7. Standard precautions

The concept that all blood and OPIM should be treated as infectious because patients with bloodborne infections can be asymptomatic or unaware they are infected. Preventive practices used to reduce blood exposures, particularly percutaneous exposures, include 1) careful handling of sharp instruments; 2) use of rubber dams to minimize blood spattering; 3) handwashing; and 4) use of personal protective barriers (e.g., gloves, masks, protective eyewear, and gowns).

Standard precautions integrate and expand the elements of universal precautions (the term used by the CDC prior to 1996) into a standard of care designed to protect DHCP and patients from pathogens that can be spread by blood or any other body fluid, excretion, or secretion. Standard precautions apply to contact with 1) blood; 2) all body fluids, secretions, and excretions (except sweat), regardless of whether they contain blood; 3) nonintact skin; and 4) mucous membranes. Saliva has always been considered a potentially infectious material in dental infection control; thus, no operational difference exists in clinical dental practice between universal precautions and standard precautions.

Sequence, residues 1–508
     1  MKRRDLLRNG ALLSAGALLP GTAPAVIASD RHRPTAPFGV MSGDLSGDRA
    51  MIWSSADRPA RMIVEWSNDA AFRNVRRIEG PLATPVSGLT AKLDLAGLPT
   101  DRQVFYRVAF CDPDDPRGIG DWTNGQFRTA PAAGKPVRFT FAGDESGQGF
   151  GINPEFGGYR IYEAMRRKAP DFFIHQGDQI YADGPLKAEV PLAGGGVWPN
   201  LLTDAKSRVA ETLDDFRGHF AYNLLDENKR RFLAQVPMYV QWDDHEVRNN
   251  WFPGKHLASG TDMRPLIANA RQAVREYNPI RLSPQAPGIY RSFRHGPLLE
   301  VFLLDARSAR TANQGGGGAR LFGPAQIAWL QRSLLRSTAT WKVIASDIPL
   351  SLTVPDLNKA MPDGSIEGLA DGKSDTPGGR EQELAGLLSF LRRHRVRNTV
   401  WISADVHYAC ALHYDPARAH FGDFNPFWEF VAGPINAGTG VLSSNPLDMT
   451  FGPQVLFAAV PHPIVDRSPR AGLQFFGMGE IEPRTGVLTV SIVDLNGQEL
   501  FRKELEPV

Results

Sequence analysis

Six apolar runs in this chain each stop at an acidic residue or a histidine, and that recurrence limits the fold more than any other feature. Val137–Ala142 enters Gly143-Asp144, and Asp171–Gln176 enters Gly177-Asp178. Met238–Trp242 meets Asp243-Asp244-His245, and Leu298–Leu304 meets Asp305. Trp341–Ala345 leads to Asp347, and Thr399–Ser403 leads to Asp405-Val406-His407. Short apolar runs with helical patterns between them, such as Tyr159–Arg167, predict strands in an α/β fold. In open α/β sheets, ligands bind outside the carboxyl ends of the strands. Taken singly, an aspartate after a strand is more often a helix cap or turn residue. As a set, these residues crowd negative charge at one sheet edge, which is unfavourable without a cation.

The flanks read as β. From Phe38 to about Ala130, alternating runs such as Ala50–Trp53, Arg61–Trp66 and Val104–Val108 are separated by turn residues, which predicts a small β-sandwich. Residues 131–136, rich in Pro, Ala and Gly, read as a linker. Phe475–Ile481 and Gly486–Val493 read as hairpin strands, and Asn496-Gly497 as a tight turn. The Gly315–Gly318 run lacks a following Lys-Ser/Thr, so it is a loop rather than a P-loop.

8. Occupational exposure

Reasonably anticipated skin, eye, mucous membrane, or parenteral contact with blood or OPIM that can result from the performance of an employee's duties.

9. Disinfection

Destruction of pathogenic and other kinds of microorganisms by physical or chemical means. Disinfection is less lethal than sterilization, because it destroys the majority of recognized pathogenic microorganisms, but not necessarily all microbial forms (e.g., bacterial spores). Disinfection does not ensure the degree of safety associated with sterilization processes.

10. Sterilization

Use of a physical or chemical procedure to destroy all microorganisms including substantial numbers of resistant bacterial spores.

11. Critical instruments

Penetrates soft tissue, contacts bone, enters into or contacts the bloodstream or other normally sterile tissue; includes surgical instruments, periodontal scalers, scalpel blades, surgical dental burs.

12. Semicritical instruments

Contacts mucous membranes or nonintact skin; will not penetrate soft tissue, contact bone, enter into or contact the bloodstream or other normally sterile tissue; includes dental mouth mirror, amalgam condenser, reusable dental impression trays.

13. Noncritical instruments

Contacts intact skin; includes radiograph head/cone, blood pressure cuff, facebow, pulse oximeter.

B. Education and Training

1. Training in standard precautions and other infection control standards required by OSHA and as recommended by the CDC and set forth in this rule shall be provided to all DHCP by the employer upon initial employment prior to direct patient care, whenever new tasks are assigned which effects the level of occupational exposure, and at least annually.